Gut was not a generalized response to inflammation, as it was not demonstrated in vessels isolated from acute inflammation (i.e., diverticulitis) and uninvolved areas of IBD. This demonstrates that medications used to treat IBD patients at the time of surgery did not contribute directly to the microvascular dysfunction, and further substantiates that intrinsic, acquired alterations in the chronically inflamed and remodeled microcirculation underlie this pathophysiology.
Acute appendicitis can provide a challenging diagnostic dilemma after transplantation. This diagnosis should be prominently considered when evaluating patients with abdominal pain and tenderness. Diverticulitis and or perforation of the sigmoid colon is also relatively common. Again, immunosuppressed patients may present with relatively advanced disease requiring emergent operation. When colon resection is required, fecal diversion using an end colostomy provides the most conservative, and therefore the most desirable approach. We usually wait at least 6-8 weeks before considering elective stoma closure in this population.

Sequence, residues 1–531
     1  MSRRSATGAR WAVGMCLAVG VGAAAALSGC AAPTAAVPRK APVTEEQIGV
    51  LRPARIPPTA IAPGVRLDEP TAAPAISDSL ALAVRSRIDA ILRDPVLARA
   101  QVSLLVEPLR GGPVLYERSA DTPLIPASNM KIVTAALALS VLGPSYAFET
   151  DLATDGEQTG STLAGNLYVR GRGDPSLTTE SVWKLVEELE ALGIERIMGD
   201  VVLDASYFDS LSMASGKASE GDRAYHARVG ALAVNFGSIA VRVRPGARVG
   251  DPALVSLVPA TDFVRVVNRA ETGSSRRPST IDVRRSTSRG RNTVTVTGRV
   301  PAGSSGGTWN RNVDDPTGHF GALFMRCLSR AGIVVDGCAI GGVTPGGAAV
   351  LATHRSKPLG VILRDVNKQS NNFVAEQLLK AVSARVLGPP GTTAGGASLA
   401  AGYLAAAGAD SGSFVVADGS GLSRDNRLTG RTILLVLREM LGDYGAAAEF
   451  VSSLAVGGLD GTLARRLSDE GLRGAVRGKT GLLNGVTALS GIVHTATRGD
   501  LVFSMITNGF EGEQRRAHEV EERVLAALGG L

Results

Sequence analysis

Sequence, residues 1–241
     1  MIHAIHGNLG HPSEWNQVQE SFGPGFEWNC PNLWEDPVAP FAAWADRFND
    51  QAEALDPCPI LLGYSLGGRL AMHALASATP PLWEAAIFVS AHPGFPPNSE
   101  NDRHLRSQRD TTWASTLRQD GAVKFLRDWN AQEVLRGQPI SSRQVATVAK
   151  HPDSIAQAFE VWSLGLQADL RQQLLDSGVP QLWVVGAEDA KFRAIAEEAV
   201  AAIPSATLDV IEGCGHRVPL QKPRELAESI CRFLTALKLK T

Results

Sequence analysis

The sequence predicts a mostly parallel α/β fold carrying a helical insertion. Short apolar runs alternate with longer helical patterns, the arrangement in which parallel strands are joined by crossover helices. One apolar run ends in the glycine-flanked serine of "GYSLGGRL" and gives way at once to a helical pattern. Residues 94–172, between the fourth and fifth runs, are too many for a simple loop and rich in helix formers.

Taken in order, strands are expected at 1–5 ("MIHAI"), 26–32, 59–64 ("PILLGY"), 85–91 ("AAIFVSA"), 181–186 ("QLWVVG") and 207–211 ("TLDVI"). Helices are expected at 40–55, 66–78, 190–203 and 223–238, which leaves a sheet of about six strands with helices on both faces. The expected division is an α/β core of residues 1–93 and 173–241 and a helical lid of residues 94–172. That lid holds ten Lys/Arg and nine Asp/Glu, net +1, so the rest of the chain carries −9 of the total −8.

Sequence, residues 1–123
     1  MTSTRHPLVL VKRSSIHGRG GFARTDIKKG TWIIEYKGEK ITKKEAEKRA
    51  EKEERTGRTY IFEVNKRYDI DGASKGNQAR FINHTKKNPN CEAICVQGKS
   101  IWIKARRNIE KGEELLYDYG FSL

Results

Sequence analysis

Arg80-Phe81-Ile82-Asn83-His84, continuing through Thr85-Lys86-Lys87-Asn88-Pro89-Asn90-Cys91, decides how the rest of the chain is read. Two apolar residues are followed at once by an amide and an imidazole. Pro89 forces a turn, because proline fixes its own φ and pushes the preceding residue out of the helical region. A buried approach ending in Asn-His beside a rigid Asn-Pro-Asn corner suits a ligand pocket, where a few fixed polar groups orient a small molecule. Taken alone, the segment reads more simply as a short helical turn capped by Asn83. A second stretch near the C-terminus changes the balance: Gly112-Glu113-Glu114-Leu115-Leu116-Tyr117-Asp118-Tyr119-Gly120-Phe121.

Although there are false-positive findings such as abscesses, fistulas, diverticulitis, and adenomas, the identification of focal uptake should not be ignored. However, the impact on patient management is not high because most patients will undergo surgery anyway, and staging is usually performed with preoperative liver ultrasound and during surgery. PET results may have a role in changing the type of surgery (curative versus palliative or concomitant liver metastases resection).
Agents are reversible, and discontinuing the medication usually results in cessation of the constipation. Meal patterns such as meal omission, fast foods, ingestion of large amounts of constipating foods, and inadequate intake of fluids should be recognized and modified. These changes, with the addition of fiber, aid to retrain the bowel to promote regularity and homeostasis as well as deter the onset of disease such as diverticulosis and cancer.